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An abstract, argumentation-theoretic approach to default reasoning

Andrei Bondarenko, Phan Minh Dung, Robert Kowalski, Francesca Toni

Journal Article
Artificial Intelligence
Volume 93
Issues 1–2
Elsevier Science Bv

We present an abstract framework for default reasoning, which includes Theorist, default logic, logic programming, autoepistemic logic, non-monotonic modal logics, and certain instances of circumscription as special cases. The framework can be understood as a generalisation of Theorist. The generalisation allows any theory formulated in a monotonic logic to be extended by a defeasible set of assumptions.

An assumption can be defeated (or "attacked") if its "contrary" can be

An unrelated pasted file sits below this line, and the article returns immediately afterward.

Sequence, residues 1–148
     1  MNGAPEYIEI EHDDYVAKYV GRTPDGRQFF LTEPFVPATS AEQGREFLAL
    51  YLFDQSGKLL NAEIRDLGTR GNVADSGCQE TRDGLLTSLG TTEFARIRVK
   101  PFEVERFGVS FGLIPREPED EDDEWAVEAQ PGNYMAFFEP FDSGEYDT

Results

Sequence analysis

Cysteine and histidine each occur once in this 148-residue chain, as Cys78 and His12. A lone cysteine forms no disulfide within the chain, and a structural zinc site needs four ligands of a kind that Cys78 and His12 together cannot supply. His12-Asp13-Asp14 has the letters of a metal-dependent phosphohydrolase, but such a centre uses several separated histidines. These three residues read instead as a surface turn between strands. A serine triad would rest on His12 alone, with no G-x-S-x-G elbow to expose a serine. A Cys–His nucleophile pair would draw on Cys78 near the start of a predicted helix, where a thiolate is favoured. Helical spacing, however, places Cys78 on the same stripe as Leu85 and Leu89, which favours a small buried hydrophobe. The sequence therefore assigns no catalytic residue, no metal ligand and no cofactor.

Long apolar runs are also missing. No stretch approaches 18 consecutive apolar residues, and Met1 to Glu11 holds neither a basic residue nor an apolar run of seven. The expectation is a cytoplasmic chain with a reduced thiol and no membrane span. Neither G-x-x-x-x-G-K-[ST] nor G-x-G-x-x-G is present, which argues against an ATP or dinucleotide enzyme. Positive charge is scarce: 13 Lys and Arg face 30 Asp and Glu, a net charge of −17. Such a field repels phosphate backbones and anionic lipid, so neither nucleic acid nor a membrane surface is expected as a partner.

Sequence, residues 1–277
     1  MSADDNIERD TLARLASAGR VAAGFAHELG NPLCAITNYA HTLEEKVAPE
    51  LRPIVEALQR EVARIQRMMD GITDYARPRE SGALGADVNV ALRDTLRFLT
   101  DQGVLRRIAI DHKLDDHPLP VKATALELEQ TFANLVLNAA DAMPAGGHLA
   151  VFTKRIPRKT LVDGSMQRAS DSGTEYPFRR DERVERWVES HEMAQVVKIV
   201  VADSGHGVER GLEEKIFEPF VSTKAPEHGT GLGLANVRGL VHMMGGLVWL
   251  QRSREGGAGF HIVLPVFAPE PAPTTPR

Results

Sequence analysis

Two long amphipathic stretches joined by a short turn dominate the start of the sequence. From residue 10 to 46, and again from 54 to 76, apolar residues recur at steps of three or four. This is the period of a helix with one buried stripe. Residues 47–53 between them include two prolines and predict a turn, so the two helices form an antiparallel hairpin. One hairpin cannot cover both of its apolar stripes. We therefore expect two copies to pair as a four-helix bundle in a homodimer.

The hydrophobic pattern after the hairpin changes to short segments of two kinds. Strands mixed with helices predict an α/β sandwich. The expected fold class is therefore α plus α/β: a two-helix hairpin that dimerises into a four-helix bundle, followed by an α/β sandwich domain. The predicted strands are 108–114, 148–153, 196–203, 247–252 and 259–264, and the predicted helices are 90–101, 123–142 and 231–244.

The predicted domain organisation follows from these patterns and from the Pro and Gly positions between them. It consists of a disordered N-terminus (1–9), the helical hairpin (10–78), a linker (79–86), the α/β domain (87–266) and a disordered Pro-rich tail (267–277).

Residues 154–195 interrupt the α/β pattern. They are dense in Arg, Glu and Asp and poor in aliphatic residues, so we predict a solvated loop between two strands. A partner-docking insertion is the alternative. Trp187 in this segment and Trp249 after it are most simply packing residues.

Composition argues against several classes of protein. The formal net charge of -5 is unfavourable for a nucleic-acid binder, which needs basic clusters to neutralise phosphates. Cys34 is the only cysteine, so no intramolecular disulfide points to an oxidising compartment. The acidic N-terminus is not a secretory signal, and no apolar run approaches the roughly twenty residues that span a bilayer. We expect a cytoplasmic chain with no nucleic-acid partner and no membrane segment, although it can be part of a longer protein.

proved, possibly with the aid of other conflicting assumptions. We show

that, given such a framework, the standard semantics of most logics for

default reasoning can be understood as sanctioning a set of assumptions, as an extension of a given theory, if and only if the set of assumptions is conflict-free (in the sense that it does not attack itself) and it attacks every assumption not in the set.

We propose a more liberal, argumentation-theoretic semantics, based upon the notion of admissible extension in logic programming. We regard a set of assumptions, in general, as admissible if and only if it is conflict-free and defends itself (by attacking) every set of assumptions which attacks it. We identify conditions for the existence of extensions

and for the equivalence of different semantics.

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